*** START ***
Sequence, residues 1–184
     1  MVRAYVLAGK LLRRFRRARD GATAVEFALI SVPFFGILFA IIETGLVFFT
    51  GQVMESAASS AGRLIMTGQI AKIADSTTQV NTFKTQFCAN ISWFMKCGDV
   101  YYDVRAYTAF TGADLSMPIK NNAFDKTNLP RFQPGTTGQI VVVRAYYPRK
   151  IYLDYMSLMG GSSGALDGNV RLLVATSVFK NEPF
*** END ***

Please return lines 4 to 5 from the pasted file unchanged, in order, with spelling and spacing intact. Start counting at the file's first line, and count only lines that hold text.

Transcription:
   101  YYDVRAYTAF TGADLSMPIK NNAFDKTNLP RFQPGTTGQI VVVRAYYPRK
   151  IYLDYMSLMG GSSGALDGNV RLLVATSVFK NEPF